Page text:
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Web Extra Thursday, March 10, 2005

Revisiting the Lost City

After the chance discovery in 2000 of the white spires of a hydrothermal vent community, Deborah Kelley of the University of Washington and her co-workers were able to revisit the surprising site in 2003. They found a community of deep-sea dwellers, which rely on hydrogen and methane, in a submarine tectonic setting with a distinct geologic signature. The team's discoveries have a wide range of implications, from Earth's methane cycles to the search for early life forms — and life elsewhere in the universe.

This carbonate chimney in the Lost City, which sits atop a massive undersea mountain near the Mid-Atlantic Ridge, has precipitated out of the relatively cool hydrothermal fluids that flow past. The sampling arm of Alvin, the Woods Hole Oceanographic Institution's submersible, is to the left. Photo courtesy of the University of Washington.

The so-called Lost City is a "white smoker," draped in carbonate deposits that are precipitated out of high-pH seawater. The stalactite-like metropolis — some towers are up to 60 meters tall — is the first of its kind to be found so far, containing new species of bacteria living in its nooks and crannies, according to the first results published from the 2003 trip, in the March 4 Science.

The chemical reactions that take place here occur at 40 to 90 degrees Celsius, relatively cool temperatures in comparison to other previously found hydrothermal vent ecosystems. This particular ecosystem lies 15 kilometers away from a mid-ocean ridge, where hotter volcanic-driven ecosystems known as "black smokers" tend to crop up. The darker hydrothermal vent systems pump out columns of smoky-looking clouds of hot minerals, at hundreds of degrees Celsius, which react with seawater at low pH.

The Lost City, however, is characterized by geologic interactions, where the chemical reactions come from deep-seated magnesium-rich rocks that have been uplifted and become reactive with seawater as they are exposed. This environment might be similar to ancient komatiites, magnesium-heavy volcanic rocks from early in Earth's history — which led Kelley and her team to suggest that early life forms could have established themselves in just such relatively low-temperature high-magnesium sites, in addition to the better-studied black smoker environments. Other candidates include modern-day tectonic settings, such as spreading centers at the Mid-Atlantic Ridge and in the Arctic. Mars may also host similar environments, Kelley says.

The geology also leads to very different microbial systems between the two ecosystems, Kelley says. Black smokers have volcanic activity leading to acidic fluids, rich in carbon dioxide and metals. "In contrast, with Lost City — with no volcanics and no volcanic gases — the microbes have had to figure out other products to use in their metabolism," she says, and they have turned to methane and hydrogen. "The surprise is the diversity of methane oxidizers, the multiple kinds of organisms that can do this." Usually, such diversity is not present, and higher temperature organisms are most abundant. Here, the interdisciplinary team found new species with a form of metabolism that is "really ancient," Kelley says, and related to the archaea, as shown by initial genetic analyses.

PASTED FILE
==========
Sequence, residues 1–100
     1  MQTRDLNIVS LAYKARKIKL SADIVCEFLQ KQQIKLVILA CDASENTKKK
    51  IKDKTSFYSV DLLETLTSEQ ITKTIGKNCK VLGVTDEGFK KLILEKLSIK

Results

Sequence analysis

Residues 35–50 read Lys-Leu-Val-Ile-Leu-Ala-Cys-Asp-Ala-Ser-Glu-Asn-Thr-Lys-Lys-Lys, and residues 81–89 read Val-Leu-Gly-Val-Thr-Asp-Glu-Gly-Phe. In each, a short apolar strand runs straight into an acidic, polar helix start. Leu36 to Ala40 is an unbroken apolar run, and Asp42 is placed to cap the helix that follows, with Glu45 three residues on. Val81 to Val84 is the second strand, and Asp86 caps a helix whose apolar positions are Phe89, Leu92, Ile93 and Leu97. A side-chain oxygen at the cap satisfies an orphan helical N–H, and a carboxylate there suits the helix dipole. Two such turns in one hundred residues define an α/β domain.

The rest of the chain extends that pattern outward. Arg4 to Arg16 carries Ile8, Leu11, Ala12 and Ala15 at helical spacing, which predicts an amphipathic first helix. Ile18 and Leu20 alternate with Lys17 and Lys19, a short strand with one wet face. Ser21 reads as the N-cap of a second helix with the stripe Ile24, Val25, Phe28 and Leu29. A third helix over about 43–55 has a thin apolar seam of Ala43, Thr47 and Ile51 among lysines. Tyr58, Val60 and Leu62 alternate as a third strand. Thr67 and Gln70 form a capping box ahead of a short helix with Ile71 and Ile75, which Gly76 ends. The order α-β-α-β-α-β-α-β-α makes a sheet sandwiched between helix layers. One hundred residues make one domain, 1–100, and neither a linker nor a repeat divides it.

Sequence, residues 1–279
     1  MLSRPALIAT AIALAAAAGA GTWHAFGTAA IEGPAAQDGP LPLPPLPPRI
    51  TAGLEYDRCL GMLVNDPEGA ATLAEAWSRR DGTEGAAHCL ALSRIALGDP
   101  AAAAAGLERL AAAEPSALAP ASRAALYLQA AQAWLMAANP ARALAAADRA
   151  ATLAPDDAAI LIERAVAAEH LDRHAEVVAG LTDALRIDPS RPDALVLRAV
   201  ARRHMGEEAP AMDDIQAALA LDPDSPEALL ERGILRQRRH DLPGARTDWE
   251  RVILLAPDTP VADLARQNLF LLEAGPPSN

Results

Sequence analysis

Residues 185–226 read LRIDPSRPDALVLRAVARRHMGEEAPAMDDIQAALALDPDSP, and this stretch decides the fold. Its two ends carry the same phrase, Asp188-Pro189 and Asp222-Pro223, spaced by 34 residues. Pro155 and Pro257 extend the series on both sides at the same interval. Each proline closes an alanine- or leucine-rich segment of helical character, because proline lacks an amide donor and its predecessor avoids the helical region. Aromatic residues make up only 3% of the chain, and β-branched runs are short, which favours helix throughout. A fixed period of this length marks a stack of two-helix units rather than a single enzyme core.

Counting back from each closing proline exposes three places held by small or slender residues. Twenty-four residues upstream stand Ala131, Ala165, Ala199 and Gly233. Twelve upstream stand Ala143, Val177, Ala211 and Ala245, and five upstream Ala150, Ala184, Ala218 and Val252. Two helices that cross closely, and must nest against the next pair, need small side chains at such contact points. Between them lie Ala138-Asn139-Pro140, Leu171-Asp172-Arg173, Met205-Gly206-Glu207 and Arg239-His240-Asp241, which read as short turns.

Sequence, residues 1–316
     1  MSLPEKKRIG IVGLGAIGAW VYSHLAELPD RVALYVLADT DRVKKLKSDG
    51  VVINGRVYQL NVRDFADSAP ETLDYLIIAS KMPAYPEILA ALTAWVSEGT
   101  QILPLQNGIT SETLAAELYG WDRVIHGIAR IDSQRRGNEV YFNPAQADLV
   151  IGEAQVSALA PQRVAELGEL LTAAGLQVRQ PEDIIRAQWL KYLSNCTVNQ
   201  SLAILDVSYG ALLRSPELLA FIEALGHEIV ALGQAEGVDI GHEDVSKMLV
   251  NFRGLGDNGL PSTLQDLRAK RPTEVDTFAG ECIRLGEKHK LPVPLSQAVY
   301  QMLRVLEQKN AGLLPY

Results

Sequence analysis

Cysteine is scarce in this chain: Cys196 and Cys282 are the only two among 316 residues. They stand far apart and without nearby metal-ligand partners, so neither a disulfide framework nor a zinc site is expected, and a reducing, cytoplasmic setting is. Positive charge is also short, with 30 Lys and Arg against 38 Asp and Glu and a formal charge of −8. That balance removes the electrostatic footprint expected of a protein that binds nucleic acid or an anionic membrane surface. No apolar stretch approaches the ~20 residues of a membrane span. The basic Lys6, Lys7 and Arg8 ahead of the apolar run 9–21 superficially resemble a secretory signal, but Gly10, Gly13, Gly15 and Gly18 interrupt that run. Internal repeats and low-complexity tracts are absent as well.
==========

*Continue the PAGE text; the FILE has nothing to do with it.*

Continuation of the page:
Antje Boetius, a microbiologist at Max Planck Institute for Marine Microbiology in Bremen, Germany, who is not affiliated with the research, says that the new organisms may be "a turning point between methane consumption and creation," in the evolution of early life forms that rely on methane in oxygen-free, or anaerobic, settings. Usually, either methane eaters or makers dominate, but the Lost City has both biologically and nonbiologically made forms of methane, indicating both types of metabolisms are present. The scientific community, Boetius says, is "excited about having these microbes in the lab and trying to find out the genome."

The Lost City, says Bill Reeburgh of the University of California at Irvine, who has done past work on anaerobic methane-driven ecosystems in the Black Sea and elsewhere, "is another example where methane oxidation turns out to be a huge process and apparently has been around for a long time." That may or may not affect scientists' understanding of the planet's methane cycle. "We don't know," he says.

"We know that methane is increasing in the atmosphere," with increases in rice production, petroleum use and animal populations ever since the beginning of the industrial revolution, and from wetlands, Reeburgh says. "We've always thought that the ocean was a pretty minor part of this," but the puzzle has been "what's happening to methane before it makes it to the atmosphere?" In the meantime, the ocean "seems to be an incredibly efficient biofilter."

Reeburgh also says that this discovery may be indicative of what early life was like before oxygen was abundant on the planet. "Methane is really the fuel driving these anaerobic systems," Reeburgh says, and it's "incredibly exciting" to see methane from both biologic and inorganic sources.

Other sites like the Lost City remain to be found, and Kelley and her co-workers have already suggested where to look. "I feel incredibly lucky," Kelley says of the discovery of this entirely new ecosystem. "I doubt that something like this will come along again in my lifetime." The Lost City, she says, has "highlighted that the ocean is a big place, and there's a lot to be found there."

Naomi Lubick

The Lost City Web site at the University of Washington

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